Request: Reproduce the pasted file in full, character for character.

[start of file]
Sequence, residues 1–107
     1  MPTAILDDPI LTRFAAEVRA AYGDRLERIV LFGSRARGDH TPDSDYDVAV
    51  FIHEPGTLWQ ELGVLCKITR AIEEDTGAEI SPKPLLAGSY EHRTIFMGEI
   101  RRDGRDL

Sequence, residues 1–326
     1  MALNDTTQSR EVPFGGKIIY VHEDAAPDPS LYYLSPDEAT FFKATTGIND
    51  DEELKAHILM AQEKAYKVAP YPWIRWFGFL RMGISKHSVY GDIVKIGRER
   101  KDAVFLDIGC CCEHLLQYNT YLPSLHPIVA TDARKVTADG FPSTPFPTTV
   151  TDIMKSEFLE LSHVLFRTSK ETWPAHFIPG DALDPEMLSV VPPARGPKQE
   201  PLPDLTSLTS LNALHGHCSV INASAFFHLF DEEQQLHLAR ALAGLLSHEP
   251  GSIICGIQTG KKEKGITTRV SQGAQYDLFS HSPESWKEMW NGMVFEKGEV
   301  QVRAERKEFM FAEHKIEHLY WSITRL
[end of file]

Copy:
Sequence, residues 1–107
     1  MPTAILDDPI LTRFAAEVRA AYGDRLERIV LFGSRARGDH TPDSDYDVAV
    51  FIHEPGTLWQ ELGVLCKITR AIEEDTGAEI SPKPLLAGSY EHRTIFMGEI
   101  RRDGRDL

Sequence, residues 1–326
     1  MALNDTTQSR EVPFGGKIIY VHEDAAPDPS LYYLSPDEAT FFKATTGIND
    51  DEELKAHILM AQEKAYKVAP YPWIRWFGFL RMGISKHSVY GDIVKIGRER
   101  KDAVFLDIGC CCEHLLQYNT YLPSLHPIVA TDARKVTADG FPSTPFPTTV
   151  TDIMKSEFLE LSHVLFRTSK ETWPAHFIPG DALDPEMLSV VPPARGPKQE
   201  PLPDLTSLTS LNALHGHCSV INASAFFHLF DEEQQLHLAR ALAGLLSHEP
   251  GSIICGIQTG KKEKGITTRV SQGAQYDLFS HSPESWKEMW NGMVFEKGEV
   301  QVRAERKEFM FAEHKIEHLY WSITRL